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Disability Symptoms for Hepatic Encephalopathy

SSDI for Hepatic Encephalopathy

According to the American Liver Foundation, more than 30 million Americans suffer some form of liver disease. Medical qualifying for disability is "automatic" when a disease is chronic or advanced, including cases needing a liver transplant, albeit you must still make an application and present medical documents to support your claim.

Disability Symptoms for Hepatic Encephalopathy

A neurological ailment induced by severe liver disease is hepatic encephalopathy. Toxins build up in the blood when the liver fails to function properly. Toxins have the ability to infiltrate the brain and alter brain function. Patients with hepatic encephalopathy may look bewildered. Toxins can be removed from the body through treatments, and this temporary condition can be reversed.

Hepatic encephalopathy is a neurological (nervous system) disorder caused by chronic, severe liver disease that is usually temporary. These toxins (substances created by the breakdown of food, alcohol, narcotics, and even muscle) are difficult for a diseased liver to eliminate from the bloodstream. Toxins build up in the body and go to the brain. Toxicity interferes with cognitive function and causes cognitive impairment.

Types of Hepatic Encephalopathy

Hepatic encephalopathy is classified into three types:

Type A is caused by abrupt liver failure (without underlying chronic liver disease).

Type B occurs in persons who have a shunt connecting two veins inside the liver but do not have underlying liver disease.

Type C is caused by persistent liver illness and scarring (cirrhosis).

SSDI for Hepatic Encephalopathy

You may qualify for SSDI for Hepatic Encephalopathy if you meet liver damage symptoms under SSA's Blue Book of Listings [5.02] or symptoms for cognitive impairment [12.02].

The Social Security Administration would require a duplicate of your medical documentation, including clinical and laboratory data. The paperwork should include appropriate medically acceptable imaging studies and records of endoscopy, surgeries, and pathology, as applicable to each listing, to illustrate the severity and duration of your digestive condition. Medically authorized imaging includes X-ray imaging, sonography, computerized axial tomography (CAT scan), magnetic resonance imaging (MRI), and radionuclide scans.

To qualify for disability, you must be able to prove to the SSA that your disability is indeed 'severe enough' to prevent you from working under substantial gainful activity (SGA) or perform daily functioning activities. You must have significant medical records to prove the following conditions associated with your hepatic encephalopathy.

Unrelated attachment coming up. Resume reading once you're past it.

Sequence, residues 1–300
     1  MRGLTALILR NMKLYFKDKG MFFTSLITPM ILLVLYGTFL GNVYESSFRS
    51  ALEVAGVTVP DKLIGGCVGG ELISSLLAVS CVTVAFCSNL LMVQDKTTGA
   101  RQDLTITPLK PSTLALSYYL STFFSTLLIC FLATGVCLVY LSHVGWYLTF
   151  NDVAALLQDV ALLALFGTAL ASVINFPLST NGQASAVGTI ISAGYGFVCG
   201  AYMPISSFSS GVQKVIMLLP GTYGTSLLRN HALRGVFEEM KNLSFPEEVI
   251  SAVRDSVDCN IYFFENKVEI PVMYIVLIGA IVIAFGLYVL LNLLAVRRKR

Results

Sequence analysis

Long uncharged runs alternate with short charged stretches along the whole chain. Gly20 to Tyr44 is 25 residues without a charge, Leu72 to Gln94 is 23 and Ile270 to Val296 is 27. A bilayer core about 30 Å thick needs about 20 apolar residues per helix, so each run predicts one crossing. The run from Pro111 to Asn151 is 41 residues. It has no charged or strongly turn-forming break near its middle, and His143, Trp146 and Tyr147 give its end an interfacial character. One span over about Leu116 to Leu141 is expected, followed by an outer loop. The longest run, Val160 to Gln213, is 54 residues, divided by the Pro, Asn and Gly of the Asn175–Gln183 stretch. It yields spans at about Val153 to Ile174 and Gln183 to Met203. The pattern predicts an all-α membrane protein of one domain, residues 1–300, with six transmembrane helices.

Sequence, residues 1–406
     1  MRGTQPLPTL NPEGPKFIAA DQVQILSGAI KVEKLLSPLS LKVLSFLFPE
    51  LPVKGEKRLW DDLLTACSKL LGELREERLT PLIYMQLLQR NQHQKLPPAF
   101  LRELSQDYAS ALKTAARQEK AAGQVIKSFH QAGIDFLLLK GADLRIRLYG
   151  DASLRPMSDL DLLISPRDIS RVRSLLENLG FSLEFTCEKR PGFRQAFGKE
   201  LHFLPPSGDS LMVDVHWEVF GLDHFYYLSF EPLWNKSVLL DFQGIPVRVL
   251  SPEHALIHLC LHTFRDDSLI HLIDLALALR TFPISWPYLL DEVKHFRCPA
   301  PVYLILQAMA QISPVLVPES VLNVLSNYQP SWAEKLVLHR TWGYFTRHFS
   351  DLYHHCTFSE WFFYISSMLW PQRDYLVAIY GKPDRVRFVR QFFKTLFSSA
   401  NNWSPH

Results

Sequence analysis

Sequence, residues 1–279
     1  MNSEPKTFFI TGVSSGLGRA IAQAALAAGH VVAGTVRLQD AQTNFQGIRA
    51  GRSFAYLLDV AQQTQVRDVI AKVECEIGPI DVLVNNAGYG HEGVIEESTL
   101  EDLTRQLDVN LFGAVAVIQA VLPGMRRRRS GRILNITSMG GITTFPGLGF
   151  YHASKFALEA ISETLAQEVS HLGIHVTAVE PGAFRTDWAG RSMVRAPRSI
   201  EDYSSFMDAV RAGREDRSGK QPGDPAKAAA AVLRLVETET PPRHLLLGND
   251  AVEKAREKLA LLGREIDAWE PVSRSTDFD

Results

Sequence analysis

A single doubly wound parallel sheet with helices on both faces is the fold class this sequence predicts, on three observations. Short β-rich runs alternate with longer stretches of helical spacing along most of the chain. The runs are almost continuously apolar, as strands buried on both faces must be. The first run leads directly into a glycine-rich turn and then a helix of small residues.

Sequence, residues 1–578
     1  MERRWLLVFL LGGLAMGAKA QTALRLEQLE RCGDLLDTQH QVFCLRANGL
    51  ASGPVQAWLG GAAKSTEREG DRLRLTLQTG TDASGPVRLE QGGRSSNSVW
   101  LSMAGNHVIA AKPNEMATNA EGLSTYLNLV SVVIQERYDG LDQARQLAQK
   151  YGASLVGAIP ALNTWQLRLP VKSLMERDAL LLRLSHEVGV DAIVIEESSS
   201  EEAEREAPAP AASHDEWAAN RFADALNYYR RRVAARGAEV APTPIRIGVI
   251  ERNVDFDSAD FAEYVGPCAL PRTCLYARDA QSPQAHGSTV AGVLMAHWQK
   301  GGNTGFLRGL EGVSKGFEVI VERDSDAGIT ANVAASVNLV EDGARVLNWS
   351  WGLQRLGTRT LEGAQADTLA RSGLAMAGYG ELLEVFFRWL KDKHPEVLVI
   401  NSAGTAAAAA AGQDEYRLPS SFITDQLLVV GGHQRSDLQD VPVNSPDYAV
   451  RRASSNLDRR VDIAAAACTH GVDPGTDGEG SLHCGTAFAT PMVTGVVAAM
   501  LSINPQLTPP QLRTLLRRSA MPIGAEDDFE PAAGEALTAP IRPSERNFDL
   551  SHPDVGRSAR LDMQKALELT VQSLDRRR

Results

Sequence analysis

• I. Hemorrhaging from esophageal, gastric, or ectopic varices or from portal hypertensive gastropathy proven by endoscopy, x-ray, or other appropriate medically acceptable imaging tests. *Note that the condition must have lasted atleast for a year requiring hospitalization for transfusion of at least 2 units of blood.
  • II. Ascites or hydrothorax when taking medicine as indicated, shown on at least two exams at least 60 days apart during a 6-month period, unrelated to other factors Each evaluation must be accompanied by documentation from the following sources:
  • - Paracentesis or thoracentesis; or
  • - Appropriate medically acceptable imaging or physical examination and one of the following:]

a. Serum albumin of 3.0 g/dL or less; or

b. International Normalized Ratio (INR) of at least 1.5.

III. Spontaneous bacterial peritonitis with peritoneal fluid containing an absolute neutrophil count of at least 250 cells/mm3

  • IV.Hepatorenal syndrome
  • - Oliguria is defined as a 24-hour urine production of less than 500 mL
  • - With urine sodium fewer than 10 mEq per litre, sodium retention occurs
  • - A serum creatinine increase of at least 2 mg/dL is required.
  • V.Hepatopulmonary syndrome
  • - Arterial oxygenation (PaO2) on room air of
  • a.60 mm Hg or less, at test sites less than 3000 feet above sea level
  • b.55 mm Hg or less, at test sites from 3000 to 6000 feet, or
  • c.50 mm Hg or less, at test sites above 6000 feet; or
  • d.Documentation of intrapulmonary arteriovenous shunting using contrast-enhanced echocardiography or a lung perfusion scan with macroaggregated albumin.
  • VI.Hepatic Encepalopathy
  • - Documentation of aberrant behaviour, cognitive dysfunction, changes in mental status, or altered state of consciousness (for example, confusion, delirium, stupor, or coma), evident on at least two examinations at least 60 days apart over a sequential 6-month period; and
  • a.History of transjugular intrahepatic portosystemic shunt (TIPS) or any surgical portosystemic shunt; or
  • b.One of the following occurring on at least two evaluations at least 60 days apart within the same consecutive 6-month period as in F1:
  • i.Asterixis or other fluctuating physical neurological abnormalities; or
  • ii.Electroencephalogram (EEG) demonstrating triphasic slow wave activity; or
  • iii.International Normalized Ratio (INR) of 1.5 or greater; or
  • iv.Serum albumin of 3.0 g/dL or less

**You could speed up your qualification process if you meet all of the symptoms among the above. Lastly, if you have End stage liver disease with SSA CLD scores of 22 or greater calculated as described in 5.00D11 you are immediately eligible to receive SSDI benefits provided you have adequate medical documentation to prove it. 

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Wednesday, 07 December 2022